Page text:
"Bunny and I were schoolmates from kindergarten and just last night I was editing a chapter about him for my book, so it was shocking to wake up to this sad news. The three founding members of the legendary Wailers are now together in Zion, and, as they sang on 'Rasta Man Chant,' 'one bright morning when my work is over, I'll fly away home.'"

— Copeland Forbes (via NPR)

Paul Humphrey

Sept. 22, 1959, to April 4, 2021
Singer-songwriter (Blue Peter), sound designer


Dec. 18, 1970, to April 9, 2021
Rapper, songwriter, actor

Michel Louvain

July 12, 1937, to April 14, 2021
Singer, television and radio host

Jim Steinman

Nov. 1, 1947, to April 19, 2021
Composer, songwriter, musician, producer

"I've always been with Jim and Jim has always been with me. We belonged heart and soul to each other. We didn't know each other. We were each other."

Meat Loaf (via Rolling Stone)

Bob Lanois

April 4, 1948, to April 19, 2021
Musician, producer, sound engineer, photographer

Alix Dobkin

Aug. 16, 1940, to May 19, 2021
Singer-songwriter, author, activist 

"There are only two responses to freedom. One is trying to control everything. The other is to be creative and take risks."

Alix Dobkin (via The Buckeye Flame)

Patrick Sky

Oct. 2, 1940, to May 26, 2021
Singer-songwriter, instrumentalist

"A lot of musicians came to New York in the early to mid Sixties. Some were good, some were very good. Most were eager and willing to learn. Pat was already formed. He knew ballads and blues. His songs were literate and well-crafted."

Terri Thai (via Rolling Stone)

Johnny Solinger

Aug. 7, 1965, to June 26, 2021
Singer, songwriter (Skid Row)

Louis Andriessen

June 6, 1939, to July 1, 2021
Composer, pianist, teacher

"Andriessen, a towering international figure, has always come up with radical solutions, freely mixing jazz, minimalism, electronics.… His influence on composers of the next generation, including many in Britain, is vast."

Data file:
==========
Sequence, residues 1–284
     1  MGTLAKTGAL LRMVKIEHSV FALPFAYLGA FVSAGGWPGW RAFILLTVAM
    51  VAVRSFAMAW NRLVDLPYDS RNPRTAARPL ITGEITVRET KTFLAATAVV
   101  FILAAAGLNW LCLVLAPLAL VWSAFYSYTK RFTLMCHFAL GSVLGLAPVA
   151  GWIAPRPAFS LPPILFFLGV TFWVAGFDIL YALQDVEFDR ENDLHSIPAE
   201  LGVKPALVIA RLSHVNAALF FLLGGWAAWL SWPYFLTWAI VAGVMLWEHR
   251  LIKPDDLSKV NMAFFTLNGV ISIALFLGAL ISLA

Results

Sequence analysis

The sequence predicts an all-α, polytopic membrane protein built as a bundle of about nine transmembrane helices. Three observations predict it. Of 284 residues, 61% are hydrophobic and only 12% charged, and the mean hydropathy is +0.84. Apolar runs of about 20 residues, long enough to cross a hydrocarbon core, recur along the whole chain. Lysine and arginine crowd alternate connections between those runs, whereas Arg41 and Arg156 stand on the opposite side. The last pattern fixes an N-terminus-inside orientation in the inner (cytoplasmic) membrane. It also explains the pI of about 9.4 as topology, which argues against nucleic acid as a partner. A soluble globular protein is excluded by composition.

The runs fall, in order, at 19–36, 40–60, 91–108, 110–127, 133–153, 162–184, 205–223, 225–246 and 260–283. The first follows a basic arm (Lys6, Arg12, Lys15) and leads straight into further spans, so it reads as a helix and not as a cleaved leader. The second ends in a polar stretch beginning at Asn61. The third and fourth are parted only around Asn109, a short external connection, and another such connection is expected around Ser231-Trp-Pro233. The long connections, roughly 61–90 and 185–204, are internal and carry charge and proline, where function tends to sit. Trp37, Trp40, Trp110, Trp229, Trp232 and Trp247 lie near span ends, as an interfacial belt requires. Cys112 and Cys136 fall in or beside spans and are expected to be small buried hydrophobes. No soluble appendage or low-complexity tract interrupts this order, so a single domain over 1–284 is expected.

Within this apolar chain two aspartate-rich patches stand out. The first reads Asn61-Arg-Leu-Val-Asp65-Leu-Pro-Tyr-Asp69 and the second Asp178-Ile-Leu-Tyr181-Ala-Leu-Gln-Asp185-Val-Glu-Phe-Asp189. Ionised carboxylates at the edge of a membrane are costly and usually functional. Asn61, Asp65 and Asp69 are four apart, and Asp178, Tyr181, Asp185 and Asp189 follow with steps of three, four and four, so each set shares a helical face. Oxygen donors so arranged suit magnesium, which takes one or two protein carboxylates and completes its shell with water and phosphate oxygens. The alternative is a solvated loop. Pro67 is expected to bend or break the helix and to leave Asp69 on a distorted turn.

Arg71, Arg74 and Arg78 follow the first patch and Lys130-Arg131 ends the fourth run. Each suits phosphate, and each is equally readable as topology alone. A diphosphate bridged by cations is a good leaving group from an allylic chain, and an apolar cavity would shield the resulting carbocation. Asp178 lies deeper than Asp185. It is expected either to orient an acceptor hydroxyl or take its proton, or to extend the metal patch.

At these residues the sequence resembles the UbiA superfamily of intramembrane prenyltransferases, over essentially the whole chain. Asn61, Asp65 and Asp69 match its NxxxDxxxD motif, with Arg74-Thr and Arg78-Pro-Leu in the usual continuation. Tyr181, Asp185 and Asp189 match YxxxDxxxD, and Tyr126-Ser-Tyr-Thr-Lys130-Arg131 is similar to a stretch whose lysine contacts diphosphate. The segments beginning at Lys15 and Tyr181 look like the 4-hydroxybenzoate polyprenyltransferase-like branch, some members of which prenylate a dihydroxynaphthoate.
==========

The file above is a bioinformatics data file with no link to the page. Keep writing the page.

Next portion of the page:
Fiona Maddocks (via The Guardian)

Biz Markie

April 8, 1964, to July 16, 2021
Rapper, singer-songwriter, producer

"If you needed him, he was there. He was a cultural icon without us exaggerating that. He was a trendsetter. He was a humanitarian. He was somebody who deserved all of the accolades he gets and more because he was us."

Rev. Al Sharpton (via The Sun)

Jerry Granelli

Dec. 30, 1940, to July 20, 2021
Jazz musician, drummer, teacher

"He was really a child prodigy. So he had an immense natural talent for it, however you want to codify whatever that is, and then a father and family structure that drove him to be better, and just a deep inner desire to somehow master this thing. Of course, as we all know, there is no real "there" there. There's no place you get to where you're good enough. The people who feel they're good enough are not the people like my father. He never felt he was good enough. I witnessed it my entire life. He never stopped. He always was practicing, when he had the time. He always was playing. It was just the language of our household. There was always music. There were always instruments."

J. Anthony Granelli (via CBC's As it Happens)

Joey Jordison

April 26, 1975, to July 26, 2021
Musician, drummer, guitarist (Slipknot, Murderdolls)

"It didn't happen overnight, because we had to work so hard for it but… it happened overnight! We went on Ozzfest, and three weeks into it we'd sold 150,000 records. Every time we played, everybody — every f--king band, Black Sabbath included — was out there watching us. And we're out for blood, we f--king hate everybody, just 'F--k you!' That's always been the Slipknot mentality. We love a lot of other bands, we love a lot of different music, but when it comes to us playing, we just don't care. It's your ass. People think it's arrogant, and it is. We believe in our craft. We believe in Slipknot." 

Joey Jordison (via LouderSound)

Dusty Hill

May 19, 1949, to July 28, 2021
Musician, bassist (ZZ Top)

Joseph 'JoJo' Bennett 

July 13, 1940, to Aug. 3, 2021
Reggae pioneer, teacher (Sattalites)

"He's easily one of our favourite sons, and fathers and godfathers of reggae music ... I call him the Big Canadian Reggae Lion." 

Julian King

Nanci Griffith 

July 6, 1953, to Aug. 13, 2021
Singer-songwriter, guitarist 

R. Murray Schafer 

July 18, 1933, to Aug. 14, 2021
Composer, acoustic ecologist 

"The loss of Schafer represents the loss of our greatest composer, one whose creative spirit knew no bounds."

David Jaeger

Don Everly 

Feb. 1, 1937, to Aug. 21, 2021
Musician, vocalist, songwriter
(the Everly Brothers)

"So sad to hear about the passing of Don Everly. The music of the Everly Brothers helped me form my love for entertainment. First class of inductees to the Rock & Roll Hall of Fame, their blend of harmony was special and unique. RIP." 

Lee Greenwood

Micki Grant 

June 30, 1929, to Aug. 22, 2021
Singer, actor, writer, composer